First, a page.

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New research shows that global warming is stripping the Indian Ocean of its microscopic plants, or phytoplankton; this could impact food security in the region and the global fisheries market

Indian Ocean has lost 20% of its marine phytoplankton in the last six decades because of global warming. (Image by flowcomm)

Indian Ocean has lost 20% of its marine phytoplankton in the last six decades because of global warming. (Image by flowcomm)

The Indian Ocean has lost up to a fifth of its microscopic plants in the last six decades due to global warming. This could turn one of the most biologically productive regions of the world into “an ecological desert” and impact future food security, new research shows.

The decline in marine microscopic plants or ‘phytoplankton’ — including single-celled algae and marine bacteria — due to rapid warming in the Indian Ocean has been reported by a team comprising scientists from the Indian Institute of Tropical Meteorology (IITM), Pune, National Institute of Oceanography (NIO), Goa and Indian National Centre for Ocean Information Services (INCOIS), Hyderabad as well as those from the University of Maryland, University of Sorbonne and University of Cape Town.

The findings, published in the Geophysical Research Letters (GRL) in January 2016, contradict previous studies which indicate that global warming could be beneficial to phytoplankton in the Indian Ocean, and that they may increase.

The Indian Ocean has the largest amount of marine plants among tropical oceans; it also shows the largest ocean surface warming, the scientists say. “Ocean warming in the Indian Ocean increased up to 1.2 degrees Celsius during the past century, compared to a global ocean surface warming of up to 0.8 degrees Celsius during the same time period,” IITM scientist Roxy Mathew Koll — one of the authors of the paper — wrote in AGU.Blogosphere.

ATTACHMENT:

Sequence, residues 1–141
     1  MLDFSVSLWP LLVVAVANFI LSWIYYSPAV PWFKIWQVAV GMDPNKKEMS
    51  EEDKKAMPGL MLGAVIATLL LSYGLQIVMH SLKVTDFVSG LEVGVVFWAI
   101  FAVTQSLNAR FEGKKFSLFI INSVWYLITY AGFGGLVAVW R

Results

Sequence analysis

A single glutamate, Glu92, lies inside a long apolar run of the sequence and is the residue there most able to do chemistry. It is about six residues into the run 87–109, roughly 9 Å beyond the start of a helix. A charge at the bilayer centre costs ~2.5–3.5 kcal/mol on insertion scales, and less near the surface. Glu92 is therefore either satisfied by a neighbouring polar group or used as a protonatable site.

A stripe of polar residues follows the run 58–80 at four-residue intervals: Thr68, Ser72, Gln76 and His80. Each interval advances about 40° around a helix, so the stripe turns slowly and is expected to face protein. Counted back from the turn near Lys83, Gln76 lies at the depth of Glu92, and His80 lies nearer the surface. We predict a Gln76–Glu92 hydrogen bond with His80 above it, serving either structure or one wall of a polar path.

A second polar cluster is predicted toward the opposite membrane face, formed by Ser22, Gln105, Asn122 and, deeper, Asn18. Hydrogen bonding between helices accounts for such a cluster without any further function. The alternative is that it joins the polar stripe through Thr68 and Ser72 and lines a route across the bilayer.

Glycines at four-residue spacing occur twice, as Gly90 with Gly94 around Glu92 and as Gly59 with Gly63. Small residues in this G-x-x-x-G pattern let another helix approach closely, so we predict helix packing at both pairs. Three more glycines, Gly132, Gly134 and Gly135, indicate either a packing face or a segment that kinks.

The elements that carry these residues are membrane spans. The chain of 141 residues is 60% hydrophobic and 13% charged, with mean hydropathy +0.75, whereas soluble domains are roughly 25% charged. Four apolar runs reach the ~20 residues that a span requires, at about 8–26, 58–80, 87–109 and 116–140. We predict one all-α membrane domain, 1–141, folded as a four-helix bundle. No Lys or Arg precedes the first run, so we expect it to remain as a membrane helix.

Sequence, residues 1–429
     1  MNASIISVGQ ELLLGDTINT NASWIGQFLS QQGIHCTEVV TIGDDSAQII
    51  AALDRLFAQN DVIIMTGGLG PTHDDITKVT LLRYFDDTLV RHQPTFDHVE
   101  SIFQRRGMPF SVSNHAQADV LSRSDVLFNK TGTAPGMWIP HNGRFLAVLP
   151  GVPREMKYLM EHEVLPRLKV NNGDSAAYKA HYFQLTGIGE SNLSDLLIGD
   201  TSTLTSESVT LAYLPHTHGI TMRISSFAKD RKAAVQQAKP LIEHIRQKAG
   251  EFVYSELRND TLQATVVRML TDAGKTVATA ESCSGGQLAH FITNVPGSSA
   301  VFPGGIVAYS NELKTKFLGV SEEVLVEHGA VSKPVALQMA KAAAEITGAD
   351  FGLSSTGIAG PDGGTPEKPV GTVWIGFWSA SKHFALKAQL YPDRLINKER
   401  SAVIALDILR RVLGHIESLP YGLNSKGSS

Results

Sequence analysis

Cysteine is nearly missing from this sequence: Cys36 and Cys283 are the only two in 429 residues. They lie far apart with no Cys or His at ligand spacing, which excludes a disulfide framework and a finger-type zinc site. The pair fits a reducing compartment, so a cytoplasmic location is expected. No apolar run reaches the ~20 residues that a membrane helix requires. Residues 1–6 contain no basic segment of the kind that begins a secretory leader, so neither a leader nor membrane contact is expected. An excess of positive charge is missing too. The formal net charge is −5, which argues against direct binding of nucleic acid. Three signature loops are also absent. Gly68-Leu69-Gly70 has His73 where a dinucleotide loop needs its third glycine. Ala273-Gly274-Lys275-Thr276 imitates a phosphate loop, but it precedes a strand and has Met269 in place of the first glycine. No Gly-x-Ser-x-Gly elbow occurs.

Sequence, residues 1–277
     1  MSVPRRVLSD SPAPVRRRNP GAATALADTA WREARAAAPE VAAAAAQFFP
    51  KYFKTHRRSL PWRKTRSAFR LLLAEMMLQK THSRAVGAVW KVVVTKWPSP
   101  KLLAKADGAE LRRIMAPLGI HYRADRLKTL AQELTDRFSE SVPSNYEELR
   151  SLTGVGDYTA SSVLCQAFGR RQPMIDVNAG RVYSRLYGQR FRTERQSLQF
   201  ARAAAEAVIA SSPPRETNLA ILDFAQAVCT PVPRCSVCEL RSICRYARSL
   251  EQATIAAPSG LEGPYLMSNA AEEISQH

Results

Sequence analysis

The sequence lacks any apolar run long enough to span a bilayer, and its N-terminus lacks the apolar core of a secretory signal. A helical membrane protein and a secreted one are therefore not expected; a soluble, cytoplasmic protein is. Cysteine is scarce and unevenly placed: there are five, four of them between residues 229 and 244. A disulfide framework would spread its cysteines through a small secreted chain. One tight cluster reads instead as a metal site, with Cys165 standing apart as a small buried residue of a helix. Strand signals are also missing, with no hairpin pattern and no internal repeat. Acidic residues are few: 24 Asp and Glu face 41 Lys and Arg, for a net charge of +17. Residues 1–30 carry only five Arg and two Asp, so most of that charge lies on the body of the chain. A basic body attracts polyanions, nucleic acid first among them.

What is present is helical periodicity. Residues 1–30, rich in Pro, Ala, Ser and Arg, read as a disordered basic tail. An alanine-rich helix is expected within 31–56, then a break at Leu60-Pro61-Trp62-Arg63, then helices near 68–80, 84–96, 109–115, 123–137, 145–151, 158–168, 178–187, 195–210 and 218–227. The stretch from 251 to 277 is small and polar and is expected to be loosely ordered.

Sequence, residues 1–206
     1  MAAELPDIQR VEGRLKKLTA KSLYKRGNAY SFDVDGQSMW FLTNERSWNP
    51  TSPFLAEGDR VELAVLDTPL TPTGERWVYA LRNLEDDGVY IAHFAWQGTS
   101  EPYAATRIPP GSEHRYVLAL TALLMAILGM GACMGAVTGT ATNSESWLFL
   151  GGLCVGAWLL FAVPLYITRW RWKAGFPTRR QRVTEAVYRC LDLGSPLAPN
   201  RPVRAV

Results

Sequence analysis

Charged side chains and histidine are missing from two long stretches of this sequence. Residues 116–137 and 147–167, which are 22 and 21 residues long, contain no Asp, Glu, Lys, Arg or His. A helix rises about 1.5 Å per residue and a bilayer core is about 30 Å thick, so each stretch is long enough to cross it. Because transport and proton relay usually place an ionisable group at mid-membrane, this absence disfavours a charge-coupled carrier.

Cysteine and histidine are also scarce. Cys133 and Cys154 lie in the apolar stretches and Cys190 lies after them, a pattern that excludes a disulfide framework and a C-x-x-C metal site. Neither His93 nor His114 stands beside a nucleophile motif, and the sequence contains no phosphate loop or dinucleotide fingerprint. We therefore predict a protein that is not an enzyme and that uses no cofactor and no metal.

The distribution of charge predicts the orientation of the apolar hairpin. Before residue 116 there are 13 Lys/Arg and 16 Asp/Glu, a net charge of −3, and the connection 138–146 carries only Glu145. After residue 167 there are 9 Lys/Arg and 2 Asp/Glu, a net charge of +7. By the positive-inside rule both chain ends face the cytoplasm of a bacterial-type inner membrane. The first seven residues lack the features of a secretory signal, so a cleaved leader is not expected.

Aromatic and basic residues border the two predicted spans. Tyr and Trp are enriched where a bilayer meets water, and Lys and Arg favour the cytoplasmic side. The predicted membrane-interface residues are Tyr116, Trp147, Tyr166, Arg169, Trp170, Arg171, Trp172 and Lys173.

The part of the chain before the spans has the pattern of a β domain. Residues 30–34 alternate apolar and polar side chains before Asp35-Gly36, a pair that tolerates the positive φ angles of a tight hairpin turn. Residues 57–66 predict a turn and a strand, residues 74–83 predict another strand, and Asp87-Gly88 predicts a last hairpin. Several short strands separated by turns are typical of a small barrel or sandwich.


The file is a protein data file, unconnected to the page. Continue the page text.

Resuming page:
Besides, their research also shows that warming is leading to more ‘stratification’, or formation of water layers with different temperatures, salinity and oxygen levels, which is preventing mixing of water and, therefore, mixing of nutrients needed by the marine plankton.

“The reason that the Indian Ocean did not show these results before is due to the fact that the region is exposed to strong monsoon winds, which makes the dynamics complex,” Koll told

Koll’s team used data from satellite sensors and historical simulations from climate models. While the historical simulations indicated up to 20% decrease in marine phytoplankton during the past six decades, the satellite data showed up to 30% decline in the western Indian Ocean in the last 16 years.

“Considering the fact that the warming in the Indian Ocean is the largest and rapid among the tropical oceans, and that climate models project further warming in the future, the significance of the new findings is large,” Koll said. “Such a decline in the marine phytoplankton may cascade through the food chain, turning this biologically productive region into an ecological desert. This can potentially impact the food security in the Indian Ocean rim countries and also the global fisheries market, for example, Japan, USA and several European Union countries.”